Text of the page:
For much of my life, I didn’t understand why modesty was so hard for girls. It didn’t occur to me that girls got so much pressure from society to be beautiful and sexy. They’re taught that there’s no difference between dressing attractively and dressing to attract.

    I’ve even had brothers quickly judge a girl by her attire. “Oh my goodness, she’s wearing yoga pants! She’s wearing a sports bra! What’s she trying to get?!”

    It is inappropriate for brothers to judge girls so quickly, to assume that they dress in a certain way to lure wandering eyes. Girls often choose their attire for comfort or for practicality. Case in point:

    My wardrobe was pretty much free t-shirts and basketball shorts – I didn’t exactly fit that demographic most modesty talks were geared toward … And so for years I skated through church life never bothering to think that modesty applied to me until one day, while I was out running, I suddenly realized that what I was wearing was… pretty immodest.

    I wasn’t exactly thinking about modesty at the time either. I just happened to be paying attention to the cars that were driving past me along the road, when suddenly I realized that if anyone from church saw me at that moment I would probably feel really embarrassed. But why would I feel embarrassed? I wasn’t at church, and I wasn’t explicitly going out of my way to make someone stumble. I was just wearing what was comfortable for the activity that I was doing. Deciding then to take more back streets than not, I struggled with that thought for the rest of my run.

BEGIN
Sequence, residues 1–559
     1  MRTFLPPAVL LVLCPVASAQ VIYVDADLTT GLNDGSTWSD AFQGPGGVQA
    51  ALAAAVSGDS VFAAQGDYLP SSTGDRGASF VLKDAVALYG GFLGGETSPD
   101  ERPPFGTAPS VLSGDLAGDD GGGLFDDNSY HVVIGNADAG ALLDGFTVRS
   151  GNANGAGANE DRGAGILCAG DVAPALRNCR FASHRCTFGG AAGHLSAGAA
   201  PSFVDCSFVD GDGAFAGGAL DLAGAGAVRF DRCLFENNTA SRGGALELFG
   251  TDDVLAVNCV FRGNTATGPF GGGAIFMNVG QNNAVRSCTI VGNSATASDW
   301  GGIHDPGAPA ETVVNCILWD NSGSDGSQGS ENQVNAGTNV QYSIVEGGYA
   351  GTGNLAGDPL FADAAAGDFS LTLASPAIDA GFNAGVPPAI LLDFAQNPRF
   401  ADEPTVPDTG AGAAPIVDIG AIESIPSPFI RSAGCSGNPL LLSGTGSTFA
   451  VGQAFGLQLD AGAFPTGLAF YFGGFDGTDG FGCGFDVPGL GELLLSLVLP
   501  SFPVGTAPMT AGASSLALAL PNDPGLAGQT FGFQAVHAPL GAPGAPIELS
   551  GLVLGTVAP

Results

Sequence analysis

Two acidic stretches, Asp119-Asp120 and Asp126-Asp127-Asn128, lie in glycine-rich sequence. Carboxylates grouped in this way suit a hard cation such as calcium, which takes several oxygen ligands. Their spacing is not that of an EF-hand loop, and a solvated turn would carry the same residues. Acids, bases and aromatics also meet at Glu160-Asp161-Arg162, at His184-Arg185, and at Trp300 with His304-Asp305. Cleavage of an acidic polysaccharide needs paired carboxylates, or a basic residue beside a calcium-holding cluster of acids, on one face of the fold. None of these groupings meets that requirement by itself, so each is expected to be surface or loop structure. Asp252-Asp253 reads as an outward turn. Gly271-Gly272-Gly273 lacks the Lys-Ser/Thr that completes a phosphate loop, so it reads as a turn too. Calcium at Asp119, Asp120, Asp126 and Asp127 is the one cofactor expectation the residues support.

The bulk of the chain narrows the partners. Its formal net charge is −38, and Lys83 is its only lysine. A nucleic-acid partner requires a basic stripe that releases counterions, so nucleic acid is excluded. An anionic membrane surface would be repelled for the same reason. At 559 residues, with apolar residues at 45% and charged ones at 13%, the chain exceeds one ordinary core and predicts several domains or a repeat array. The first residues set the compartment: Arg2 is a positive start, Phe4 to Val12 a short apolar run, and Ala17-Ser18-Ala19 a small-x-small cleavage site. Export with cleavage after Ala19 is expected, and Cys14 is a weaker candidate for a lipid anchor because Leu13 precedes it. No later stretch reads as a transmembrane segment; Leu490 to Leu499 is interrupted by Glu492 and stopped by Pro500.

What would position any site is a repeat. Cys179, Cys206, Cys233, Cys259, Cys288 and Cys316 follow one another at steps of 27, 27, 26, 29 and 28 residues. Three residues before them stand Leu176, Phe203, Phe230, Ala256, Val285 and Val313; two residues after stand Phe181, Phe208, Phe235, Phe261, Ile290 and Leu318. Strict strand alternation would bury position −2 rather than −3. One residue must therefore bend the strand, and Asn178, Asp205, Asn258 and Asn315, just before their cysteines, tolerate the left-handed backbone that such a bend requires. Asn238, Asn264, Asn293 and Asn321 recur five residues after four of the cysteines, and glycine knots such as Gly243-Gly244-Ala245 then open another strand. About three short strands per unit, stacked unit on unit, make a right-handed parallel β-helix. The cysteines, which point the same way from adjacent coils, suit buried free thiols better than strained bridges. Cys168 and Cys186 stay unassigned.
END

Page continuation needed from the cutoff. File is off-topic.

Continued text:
Monica, Summer Means Everything is Modesty

    Eventually I learned that many girls are confused about what passes as “modest.” Truth be told, it’s confusing for me too. Midriffs don’t generally cause temptation for me, but it might for a brother. Every guy is different.

    How to be modest

    In the end, I wished that Monica did not feel embarrassed for her attire that day, because modesty ultimately isn’t about what we wear. We are only immodest when we sport attire with the intention to drag someone’s mind through the gutter. Modesty is not a clothing issue. Modesty is a heart issue.